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Primary Candidates Hurry to Beat Deadline : Politics: Much of the talk focuses on who isn't running as filing period ends. Several Republicans drop out for sake of party unity, while 1994 offers Democrats 'hope for upsets,' official says.

March 12, 1994|GEBE MARTINEZ | TIMES POLITICAL WRITER

SANTA ANA — Candidates seeking to run in the June 7 primary rushed to beat Friday's filing deadline, but the talk among political watchers centered more on those who decided not to run.

Fearing the outbreak of intraparty squabbles in two Assembly races, several Republican candidates withdrew Friday, the filing deadline for candidates seeking local, state and congressional races.

Orange County GOP Chairman Thomas Fuentes lauded the candidates for setting aside their own political ambitions for the sake of "party unity."

For county Democrats, 1994 offers the "hope for upsets," Orange County Democratic Party Chairwoman Dorianne Garcia predicted. "We have a wonderful set of candidates this year," she said.

The Democrats' quest to expand their political base is most evident in the 46th Congressional District in central Orange County, where six Democrats have lined up to take on the incumbent, Rep. Robert K. Dornan (R-Garden Grove).

But Dornan was one of three of the county's Republican congressmen who will not face any opposition in the primary.

The other two are Rep. Dana Rohrabacher (R-Huntington Beach), who drew only one Democratic opponent, and Rep. Ed Royce (R-Fullerton), who will face a Democrat and a Libertarian in the November general election.

The incumbent Republican drawing the most opponents in the June 7 primary was freshman Rep. Jay C. Kim (R-Diamond Bar), who is under federal investigation for alleged campaign finance irregularities during his first election in 1992. Four Republican challengers signed up for the primary. The Democratic primary drew one candidate.

But most of the attention was focused on the 70th Assembly District seat being vacated by Assemblyman Gil Ferguson (R-Newport Beach).

Republican power brokers met with some of the candidates in recent days to whittle down their number in an attempt to diminish the risk of losing the nomination to a moderate Republican. Their efforts proved successful when three previously announced candidates--attorney Phillip B. Greer, business owner Scott McDougle, and attorney Bruce Peotter--abandoned the race.

Those Republicans remaining in the hunt include Marilyn C. Brewer, a businesswoman who also serves as an aide for Supervisor Thomas F. Riley; Irvine Councilman Barry J. Hammond, who picked up additional political endorsements as Greer left the race; and Newport Beach attorney Thomas G. Reinecke.

"It's important there be a unified and joint effort for the sake of the nomination of conservative candidates," Fuentes said. "I think there will be a very clear choice of liberal versus conservative candidates" in the Republican primary.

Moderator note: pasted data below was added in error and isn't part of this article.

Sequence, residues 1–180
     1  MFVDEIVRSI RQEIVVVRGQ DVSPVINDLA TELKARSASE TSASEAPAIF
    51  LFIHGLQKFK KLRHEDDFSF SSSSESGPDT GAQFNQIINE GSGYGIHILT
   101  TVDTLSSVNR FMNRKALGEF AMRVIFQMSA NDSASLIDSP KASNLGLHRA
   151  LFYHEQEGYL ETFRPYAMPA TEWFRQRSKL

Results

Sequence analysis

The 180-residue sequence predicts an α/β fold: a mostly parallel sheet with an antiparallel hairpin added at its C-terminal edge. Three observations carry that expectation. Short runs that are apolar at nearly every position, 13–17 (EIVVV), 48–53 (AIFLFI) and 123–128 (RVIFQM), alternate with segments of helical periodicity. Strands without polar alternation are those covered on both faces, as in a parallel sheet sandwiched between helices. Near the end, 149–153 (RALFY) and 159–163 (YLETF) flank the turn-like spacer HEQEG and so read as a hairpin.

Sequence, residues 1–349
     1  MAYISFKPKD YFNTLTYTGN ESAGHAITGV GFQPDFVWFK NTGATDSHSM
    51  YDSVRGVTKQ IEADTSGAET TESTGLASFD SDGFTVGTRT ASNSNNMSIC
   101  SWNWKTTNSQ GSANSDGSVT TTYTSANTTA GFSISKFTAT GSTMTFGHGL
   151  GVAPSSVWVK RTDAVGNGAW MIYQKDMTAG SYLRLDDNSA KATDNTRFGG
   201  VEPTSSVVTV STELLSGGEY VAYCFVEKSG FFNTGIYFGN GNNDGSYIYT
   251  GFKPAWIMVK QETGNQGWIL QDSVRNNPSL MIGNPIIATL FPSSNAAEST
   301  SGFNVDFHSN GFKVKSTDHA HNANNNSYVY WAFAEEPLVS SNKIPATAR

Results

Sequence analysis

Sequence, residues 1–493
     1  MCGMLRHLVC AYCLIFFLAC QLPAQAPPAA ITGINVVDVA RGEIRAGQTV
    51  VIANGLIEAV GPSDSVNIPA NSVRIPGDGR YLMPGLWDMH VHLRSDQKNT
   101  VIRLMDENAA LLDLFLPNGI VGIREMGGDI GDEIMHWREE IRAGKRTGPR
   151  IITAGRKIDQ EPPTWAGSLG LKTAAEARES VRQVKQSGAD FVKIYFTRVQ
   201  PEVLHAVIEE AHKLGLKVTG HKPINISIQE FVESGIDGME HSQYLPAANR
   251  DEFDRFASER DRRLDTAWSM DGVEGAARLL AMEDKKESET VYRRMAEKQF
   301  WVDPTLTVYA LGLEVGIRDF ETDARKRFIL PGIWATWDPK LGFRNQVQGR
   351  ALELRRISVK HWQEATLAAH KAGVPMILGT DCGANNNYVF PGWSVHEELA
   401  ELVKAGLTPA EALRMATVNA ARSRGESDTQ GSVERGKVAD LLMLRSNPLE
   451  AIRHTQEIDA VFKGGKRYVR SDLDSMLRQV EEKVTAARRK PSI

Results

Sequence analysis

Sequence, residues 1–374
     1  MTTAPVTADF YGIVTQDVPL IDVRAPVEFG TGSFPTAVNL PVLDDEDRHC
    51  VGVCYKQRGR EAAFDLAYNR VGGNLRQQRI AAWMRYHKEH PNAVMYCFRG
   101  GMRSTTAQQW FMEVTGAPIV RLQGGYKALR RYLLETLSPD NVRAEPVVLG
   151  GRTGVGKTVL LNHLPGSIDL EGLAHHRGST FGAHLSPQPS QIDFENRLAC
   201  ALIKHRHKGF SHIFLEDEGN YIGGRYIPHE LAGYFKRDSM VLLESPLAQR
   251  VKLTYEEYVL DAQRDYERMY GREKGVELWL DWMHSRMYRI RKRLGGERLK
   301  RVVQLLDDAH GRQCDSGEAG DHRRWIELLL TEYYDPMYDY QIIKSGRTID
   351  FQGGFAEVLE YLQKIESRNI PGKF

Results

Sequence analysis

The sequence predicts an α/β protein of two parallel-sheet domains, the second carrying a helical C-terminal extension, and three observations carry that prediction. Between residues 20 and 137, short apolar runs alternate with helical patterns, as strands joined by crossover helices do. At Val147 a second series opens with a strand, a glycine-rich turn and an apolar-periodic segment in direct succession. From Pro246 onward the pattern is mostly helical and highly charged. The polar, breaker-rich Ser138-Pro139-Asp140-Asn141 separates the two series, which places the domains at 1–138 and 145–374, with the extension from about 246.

State Sen. Rob Hurtt (R-Garden Grove), who was among those trying to talk candidates out of running, said: "There was a consensus that some of the people were spinning their wheels and it didn't make a lot of sense for them to be in the race."

Greer's short-lived candidacy had drawn significant financial and political backing but became a lightening rod of controversy among conservatives. He said in a prepared statement that he withdrew out of concern the conservatives would split the vote and allow "a moderate or even liberal Republican to win the nomination. I could not allow that to happen."

Peotter echoed the sentiment. "I don't feel that the conservative vote should get split and allow someone who's not conservative to win," he said.

The conservative Republicans' target is Brewer, who describes herself as the "only conservative mainstream Republican" in the race. She was the founding president of a bipartisan political group designed to help female candidates in local and state races.

In the 69th Assembly District in central Orange County, a heavily minority area where the Republican Party hopes to take away the only legislative seat now held by an Orange County Democrat, Santa Ana school board member Rosemarie Avila did not return her nomination papers. She had been the only Latina seeking the Republican nomination.

Friday would have been the filing deadline for three seats up for election on the Board of Supervisors. But with two incumbents choosing not to seek reelection, the deadline for those two seats was extended until Wednesday.

Of the three supervisorial races, the most competitive contest is the 2nd District seat being vacated by Supervisor Harriett M. Wieder. Businesswoman Haydee Tillotson and Huntington Beach City Council members Linda Moulton-Patterson and Jim Silva are widely considered the main contenders.

Wieder, the first woman to serve on the Board of Supervisors, is retiring in January after 16 years on the board.

In the 5th Supervisorial District, state Sen. Marian Bergeson (R-Newport Beach) was the first to announce her candidacy to succeed Riley, who is retiring. Bergeson so far is the only candidate seeking the seat.

In other races:

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